I was talking to the ADL Mobile folks about mobile design processes, and as usual I was going on about how mobile is not the sweet spot for courses (augmenting yes, full delivery no). When tablets are acting more like a laptop, sure, but otherwise. I had suggested that the real mobile opportunities are using sensors to do contextual things, and and I also opined that we really don’t have an instructional design model that adequately addresses taking context into account. I started riffing on what that might involve, and then continued it on a recent trip to speak in Minneapolis.
Naturally, I started diagramming. I am thinking specifically of augmenting formal learning here, not performance support. In this diagram, when it’s not a course you head off to consider contextual performance support, if indeed the context of performance is away from a computer.
When, however, it is a course, and you start embedding the key decisions into a setting, the first thing you might want to do is use their existing context (or contexts, it occurs to me now). Then we can wrap learning around where (or when) they are, turning that life event into a learning experience. Assuming, of course, we can detect and deliver things based upon context, but that’s increasingly doable.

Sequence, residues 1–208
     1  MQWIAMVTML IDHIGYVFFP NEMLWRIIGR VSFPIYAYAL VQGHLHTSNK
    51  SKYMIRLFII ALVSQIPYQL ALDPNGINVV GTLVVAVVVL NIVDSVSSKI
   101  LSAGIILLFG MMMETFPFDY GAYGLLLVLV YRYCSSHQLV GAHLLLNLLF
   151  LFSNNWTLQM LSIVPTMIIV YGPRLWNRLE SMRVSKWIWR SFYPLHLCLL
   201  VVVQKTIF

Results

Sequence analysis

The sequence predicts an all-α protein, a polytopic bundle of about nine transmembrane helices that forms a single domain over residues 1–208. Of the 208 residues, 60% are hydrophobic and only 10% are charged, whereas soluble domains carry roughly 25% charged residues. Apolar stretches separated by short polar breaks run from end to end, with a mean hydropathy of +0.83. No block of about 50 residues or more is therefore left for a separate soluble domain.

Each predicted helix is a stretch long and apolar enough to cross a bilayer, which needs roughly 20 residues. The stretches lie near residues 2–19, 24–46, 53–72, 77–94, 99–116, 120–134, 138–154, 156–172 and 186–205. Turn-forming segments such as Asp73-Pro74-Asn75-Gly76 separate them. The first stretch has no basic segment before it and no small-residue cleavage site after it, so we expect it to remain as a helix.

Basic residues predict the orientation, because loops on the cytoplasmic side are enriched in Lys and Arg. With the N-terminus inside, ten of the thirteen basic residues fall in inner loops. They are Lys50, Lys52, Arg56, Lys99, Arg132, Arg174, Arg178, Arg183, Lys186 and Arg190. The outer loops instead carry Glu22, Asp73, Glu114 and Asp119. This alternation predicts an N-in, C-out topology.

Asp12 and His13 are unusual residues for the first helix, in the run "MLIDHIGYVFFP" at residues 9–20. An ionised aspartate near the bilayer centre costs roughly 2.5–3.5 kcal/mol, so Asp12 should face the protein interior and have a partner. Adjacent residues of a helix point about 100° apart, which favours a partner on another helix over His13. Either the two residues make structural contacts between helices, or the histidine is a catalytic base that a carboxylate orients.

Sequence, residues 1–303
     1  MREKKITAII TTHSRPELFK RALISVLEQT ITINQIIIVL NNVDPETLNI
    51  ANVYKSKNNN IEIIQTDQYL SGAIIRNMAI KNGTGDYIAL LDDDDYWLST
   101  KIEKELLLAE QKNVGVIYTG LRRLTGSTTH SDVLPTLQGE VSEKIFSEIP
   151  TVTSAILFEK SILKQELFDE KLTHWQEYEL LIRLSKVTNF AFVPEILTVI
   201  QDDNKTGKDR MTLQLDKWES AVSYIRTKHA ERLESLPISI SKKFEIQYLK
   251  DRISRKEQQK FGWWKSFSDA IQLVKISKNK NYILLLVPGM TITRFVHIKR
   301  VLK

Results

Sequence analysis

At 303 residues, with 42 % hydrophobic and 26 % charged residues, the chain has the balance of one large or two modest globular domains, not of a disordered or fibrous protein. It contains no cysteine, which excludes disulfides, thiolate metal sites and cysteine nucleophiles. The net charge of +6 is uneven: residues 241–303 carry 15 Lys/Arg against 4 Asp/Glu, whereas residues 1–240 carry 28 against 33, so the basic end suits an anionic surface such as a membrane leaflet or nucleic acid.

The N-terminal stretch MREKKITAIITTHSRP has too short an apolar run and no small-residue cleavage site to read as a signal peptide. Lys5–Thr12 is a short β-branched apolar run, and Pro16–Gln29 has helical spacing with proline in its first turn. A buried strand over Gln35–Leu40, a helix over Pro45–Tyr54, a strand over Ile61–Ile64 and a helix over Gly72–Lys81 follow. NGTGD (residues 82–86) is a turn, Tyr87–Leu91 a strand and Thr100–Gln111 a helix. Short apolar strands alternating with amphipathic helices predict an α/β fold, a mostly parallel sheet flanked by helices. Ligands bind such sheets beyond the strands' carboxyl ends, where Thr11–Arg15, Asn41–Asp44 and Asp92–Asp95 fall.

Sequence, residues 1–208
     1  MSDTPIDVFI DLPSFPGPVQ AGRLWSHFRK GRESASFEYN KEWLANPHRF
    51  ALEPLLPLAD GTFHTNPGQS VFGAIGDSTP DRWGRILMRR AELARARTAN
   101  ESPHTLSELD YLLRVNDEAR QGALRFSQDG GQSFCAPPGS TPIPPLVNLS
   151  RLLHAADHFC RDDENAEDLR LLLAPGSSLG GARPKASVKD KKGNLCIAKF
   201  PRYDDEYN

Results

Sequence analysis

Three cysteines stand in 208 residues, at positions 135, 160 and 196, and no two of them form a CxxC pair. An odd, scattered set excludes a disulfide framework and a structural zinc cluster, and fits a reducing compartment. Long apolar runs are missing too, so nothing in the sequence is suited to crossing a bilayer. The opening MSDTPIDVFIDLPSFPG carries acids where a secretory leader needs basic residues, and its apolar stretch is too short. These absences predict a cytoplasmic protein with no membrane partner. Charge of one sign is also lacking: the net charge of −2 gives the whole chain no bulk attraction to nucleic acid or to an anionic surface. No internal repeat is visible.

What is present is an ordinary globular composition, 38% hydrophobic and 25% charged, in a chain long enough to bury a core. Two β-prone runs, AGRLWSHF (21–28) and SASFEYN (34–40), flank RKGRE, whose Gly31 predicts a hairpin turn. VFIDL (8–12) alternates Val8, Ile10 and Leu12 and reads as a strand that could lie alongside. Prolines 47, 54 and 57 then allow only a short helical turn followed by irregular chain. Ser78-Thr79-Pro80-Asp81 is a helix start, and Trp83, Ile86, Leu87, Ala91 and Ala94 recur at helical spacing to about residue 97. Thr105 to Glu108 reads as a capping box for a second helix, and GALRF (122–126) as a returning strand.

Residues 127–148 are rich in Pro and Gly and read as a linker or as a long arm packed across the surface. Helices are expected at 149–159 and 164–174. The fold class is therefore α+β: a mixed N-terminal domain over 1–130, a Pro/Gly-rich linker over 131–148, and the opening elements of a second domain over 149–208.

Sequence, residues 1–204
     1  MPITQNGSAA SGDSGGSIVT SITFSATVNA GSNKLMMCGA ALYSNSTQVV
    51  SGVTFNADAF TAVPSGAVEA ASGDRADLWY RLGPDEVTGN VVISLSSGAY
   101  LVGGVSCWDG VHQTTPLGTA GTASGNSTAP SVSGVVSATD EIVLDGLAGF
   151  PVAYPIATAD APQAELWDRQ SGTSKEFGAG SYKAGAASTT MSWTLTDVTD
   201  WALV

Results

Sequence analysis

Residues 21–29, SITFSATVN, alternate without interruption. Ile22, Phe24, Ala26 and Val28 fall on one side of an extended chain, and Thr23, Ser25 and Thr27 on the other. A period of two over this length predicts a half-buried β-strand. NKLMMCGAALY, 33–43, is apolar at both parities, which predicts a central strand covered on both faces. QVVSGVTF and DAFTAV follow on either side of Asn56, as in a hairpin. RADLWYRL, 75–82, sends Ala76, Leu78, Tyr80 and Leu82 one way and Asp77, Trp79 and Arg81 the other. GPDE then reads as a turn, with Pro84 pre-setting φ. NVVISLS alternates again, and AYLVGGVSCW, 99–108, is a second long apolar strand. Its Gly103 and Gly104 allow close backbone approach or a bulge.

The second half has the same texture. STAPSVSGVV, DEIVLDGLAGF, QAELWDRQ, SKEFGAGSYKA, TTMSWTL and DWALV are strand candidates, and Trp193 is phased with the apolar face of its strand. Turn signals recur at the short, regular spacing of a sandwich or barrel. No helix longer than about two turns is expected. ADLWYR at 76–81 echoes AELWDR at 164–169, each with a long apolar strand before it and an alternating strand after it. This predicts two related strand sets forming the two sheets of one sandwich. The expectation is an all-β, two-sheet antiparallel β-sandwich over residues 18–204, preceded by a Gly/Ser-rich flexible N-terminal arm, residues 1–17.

Now if you can’t use their context, because it’s arguably not something that is located in their existing lives, we want to create a context (this is, really, the essence of serious game design). It might be fantastic (some conspiracy theory, say) or very real (e.g. the Red 7 sales demo, warning: large PDF), but it’s a setting in which the decisions are meaningfully embedded (that is, real application of the model and of interest to the learner). It might be desktop but if possible, could we distribute the experience into the learners’ world, e.g. transmedia? Here we’re beginning to talk Alternate Reality Game. (And we use exaggeration to ramp up the motivation.)
As an aside, I wondered when/how collaboration would fit in here, and I don’t yet have an answer: before setting, after, or in parallel? Regardless, that’s definitely another consideration, which may be driven by a variety of factors such as whether there are benefits to role-play or collaboration in this particular instance.
This is still very preliminary (thinking and learning out loud), but it has some initial resonance to me. For you too, or where am I going off track?